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Mind

Pollution May Be a Hidden Factor in Mental Illness, Study Finds

pollution
(Credit: Shutterstock)

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The roots of mental illness are still a mystery. But researchers think our mental health is shaped by a combination of factors, like genetics, our developmental environment and our life experiences.

But there’s one factor that scientists say may have gone unnoticed. It appears that where we live, and how polluted it is, can increase our likelihood of developing a mental illness.

That’s according to a new large-scale population study published in PLOS Biology today, based on health insurance records and pollution data in the United States and Denmark. Although the team only looked at these two countries, they believe there could be similar trends in other parts of the world that haven’t been uncovered yet.

In the United States, researchers based their findings on an analysis of 11 years of health insurance data for 151 million Americans. They looked at health insurance claims for bipolar disorder, depression, personality disorders, Parkinson’s and schizophrenia, and then mapped the data onto pollution reports across geographical regions. The team then validated their approach with data from Denmark to see if they’d spot similar trends.

In the Air

In their analysis, the researchers looked how things like air, water and land quality influenced the prevalence of mental health problems. When adjusting for thing like race, population density, income and insurance status, a number of trends emerged from the data.

Scientists found that in both the United States and Denmark, areas with poor air quality had higher rates of bipolar disorder and major depression. And in Denmark, where it was possible to examine childhood health thanks to a national health registry, the researchers found that there was a more than two-fold increase in schizophrenia and personality disorders among people who were exposed to polluted air in the first 10 years of their life.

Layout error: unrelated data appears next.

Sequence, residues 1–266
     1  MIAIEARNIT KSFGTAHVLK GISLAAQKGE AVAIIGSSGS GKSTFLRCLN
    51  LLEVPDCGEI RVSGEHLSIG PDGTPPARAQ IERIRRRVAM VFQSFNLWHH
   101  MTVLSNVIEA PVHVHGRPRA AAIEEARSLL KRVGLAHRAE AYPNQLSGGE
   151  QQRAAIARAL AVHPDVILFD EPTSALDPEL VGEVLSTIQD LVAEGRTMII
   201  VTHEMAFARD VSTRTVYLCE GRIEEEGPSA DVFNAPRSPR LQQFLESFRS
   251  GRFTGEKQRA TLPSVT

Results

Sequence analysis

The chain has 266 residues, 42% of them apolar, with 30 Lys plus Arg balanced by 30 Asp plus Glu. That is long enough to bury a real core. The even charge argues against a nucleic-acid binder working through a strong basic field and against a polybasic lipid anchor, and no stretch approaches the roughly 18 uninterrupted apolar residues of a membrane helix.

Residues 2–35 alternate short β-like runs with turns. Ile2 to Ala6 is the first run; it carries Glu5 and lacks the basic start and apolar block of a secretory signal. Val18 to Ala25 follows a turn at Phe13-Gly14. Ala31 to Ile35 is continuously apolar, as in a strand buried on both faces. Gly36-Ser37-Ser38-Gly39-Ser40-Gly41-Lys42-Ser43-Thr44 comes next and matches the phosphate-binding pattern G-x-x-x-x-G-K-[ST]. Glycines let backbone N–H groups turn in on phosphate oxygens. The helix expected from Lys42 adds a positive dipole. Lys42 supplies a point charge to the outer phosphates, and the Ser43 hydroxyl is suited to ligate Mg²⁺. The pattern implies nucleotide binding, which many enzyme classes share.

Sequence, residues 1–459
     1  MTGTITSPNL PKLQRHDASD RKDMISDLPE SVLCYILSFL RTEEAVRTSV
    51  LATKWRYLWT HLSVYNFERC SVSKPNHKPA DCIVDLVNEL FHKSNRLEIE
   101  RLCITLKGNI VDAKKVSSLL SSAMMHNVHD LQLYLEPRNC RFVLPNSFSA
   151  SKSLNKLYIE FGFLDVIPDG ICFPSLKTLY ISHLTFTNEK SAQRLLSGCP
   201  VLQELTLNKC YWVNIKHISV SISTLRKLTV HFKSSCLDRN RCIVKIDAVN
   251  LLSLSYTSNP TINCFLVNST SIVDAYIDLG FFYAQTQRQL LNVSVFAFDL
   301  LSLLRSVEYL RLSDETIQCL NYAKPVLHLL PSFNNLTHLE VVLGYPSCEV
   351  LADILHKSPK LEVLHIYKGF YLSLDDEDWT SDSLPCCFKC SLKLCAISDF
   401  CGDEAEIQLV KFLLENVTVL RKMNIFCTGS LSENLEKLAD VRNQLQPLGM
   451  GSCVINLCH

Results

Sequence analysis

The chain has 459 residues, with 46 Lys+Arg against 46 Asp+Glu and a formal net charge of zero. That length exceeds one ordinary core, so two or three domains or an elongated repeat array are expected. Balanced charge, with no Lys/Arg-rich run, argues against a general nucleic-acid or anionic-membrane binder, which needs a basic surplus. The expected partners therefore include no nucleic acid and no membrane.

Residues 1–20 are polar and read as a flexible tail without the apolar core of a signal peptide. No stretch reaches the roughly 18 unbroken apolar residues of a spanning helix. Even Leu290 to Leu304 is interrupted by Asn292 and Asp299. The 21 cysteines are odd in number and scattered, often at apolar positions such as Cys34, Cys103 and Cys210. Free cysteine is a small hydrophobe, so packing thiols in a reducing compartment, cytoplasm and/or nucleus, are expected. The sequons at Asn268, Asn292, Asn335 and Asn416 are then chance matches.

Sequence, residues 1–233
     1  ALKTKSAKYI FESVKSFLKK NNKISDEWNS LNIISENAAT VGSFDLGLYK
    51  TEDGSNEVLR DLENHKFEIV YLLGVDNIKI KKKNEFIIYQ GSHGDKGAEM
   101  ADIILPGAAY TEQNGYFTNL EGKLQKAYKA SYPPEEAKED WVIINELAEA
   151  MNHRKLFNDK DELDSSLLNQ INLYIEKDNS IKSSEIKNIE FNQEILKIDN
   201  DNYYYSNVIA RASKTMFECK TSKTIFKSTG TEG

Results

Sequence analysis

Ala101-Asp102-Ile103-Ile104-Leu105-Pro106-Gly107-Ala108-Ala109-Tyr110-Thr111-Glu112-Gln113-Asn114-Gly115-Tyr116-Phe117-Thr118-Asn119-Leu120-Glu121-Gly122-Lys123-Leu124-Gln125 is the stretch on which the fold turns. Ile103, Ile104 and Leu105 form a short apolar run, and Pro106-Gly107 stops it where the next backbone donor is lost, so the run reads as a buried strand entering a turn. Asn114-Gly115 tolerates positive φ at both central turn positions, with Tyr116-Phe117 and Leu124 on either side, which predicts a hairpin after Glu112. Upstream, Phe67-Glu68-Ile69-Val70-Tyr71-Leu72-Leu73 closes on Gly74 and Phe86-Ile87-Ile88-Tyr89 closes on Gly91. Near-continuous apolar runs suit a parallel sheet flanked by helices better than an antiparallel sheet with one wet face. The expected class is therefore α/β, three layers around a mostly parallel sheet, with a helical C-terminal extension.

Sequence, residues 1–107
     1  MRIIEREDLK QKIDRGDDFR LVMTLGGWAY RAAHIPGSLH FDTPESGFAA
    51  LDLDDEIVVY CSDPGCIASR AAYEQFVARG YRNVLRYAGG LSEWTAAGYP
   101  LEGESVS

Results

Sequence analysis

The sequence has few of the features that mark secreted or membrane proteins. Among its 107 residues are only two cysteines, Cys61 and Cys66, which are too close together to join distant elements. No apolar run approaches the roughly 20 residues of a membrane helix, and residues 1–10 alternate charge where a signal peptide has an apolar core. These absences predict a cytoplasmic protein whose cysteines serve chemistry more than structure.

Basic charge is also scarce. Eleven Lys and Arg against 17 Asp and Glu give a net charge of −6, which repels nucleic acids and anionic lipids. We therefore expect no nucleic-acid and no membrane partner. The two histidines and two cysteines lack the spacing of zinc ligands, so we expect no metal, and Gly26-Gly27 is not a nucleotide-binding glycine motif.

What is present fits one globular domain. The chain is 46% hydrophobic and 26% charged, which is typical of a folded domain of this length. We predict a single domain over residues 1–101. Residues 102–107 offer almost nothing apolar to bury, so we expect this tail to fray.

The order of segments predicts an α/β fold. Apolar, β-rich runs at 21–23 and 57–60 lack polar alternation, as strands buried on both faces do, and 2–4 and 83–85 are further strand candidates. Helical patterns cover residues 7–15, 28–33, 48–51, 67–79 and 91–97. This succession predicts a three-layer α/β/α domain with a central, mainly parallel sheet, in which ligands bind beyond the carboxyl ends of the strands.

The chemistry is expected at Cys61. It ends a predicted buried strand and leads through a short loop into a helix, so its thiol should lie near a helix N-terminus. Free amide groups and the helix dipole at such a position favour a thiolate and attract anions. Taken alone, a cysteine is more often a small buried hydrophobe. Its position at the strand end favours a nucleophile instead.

Places in the U.S. with the worst air quality saw a 27 percent increase in the rate of bipolar disorder, as well as a six percent increase in depression. This includes near many major cities on the coasts, the authors say.

In addition, regions with polluted soil had a 19 percent increase in the rate of personality disorders, the report noted.

Air-and-Water-Quality-Map
A map showing the quality of various aspects of the environment in the U.S., broken down by county. (Credit: Khan et al./ PLOS Biology)

Explaining the Trends

In general, researchers found that places located far away from large bodies of water had higher rates of psychiatric disorders, especially major depression and bipolar disorder. According to the report, this was particularly evident for Kentucky and Missouri.

There were some other surprising trends in the data that the report noted. Hawaii had above average rates of Parkinson’s and schizophrenia. And in Alaska there were especially high rates of psychiatric disorders — especially personality disorders — considering the state’s small population size.  

Andrey Rzhetsky, a researcher at the University of Chicago and author of the paper, explained in an email to Discover that more work is needed to uncover why particular states had higher rates of certain mental illnesses.

The study also didn’t uncover how pollution contributes to mental illness. Researchers think pollutants may cause inflammation and toxic stress in the brain, which is what they’ve observed in psychiatric studies using animal models.

But the science on pollution and mental health is far from settled. Rzhetsky acknowledged that association does not equal causation, and that more work is needed to understand what role pollution plays in mental illness.

And you may not want swear off the outdoors just yet. Earlier this year, another team found that spending two hours a week in nature can boost your health and well being.

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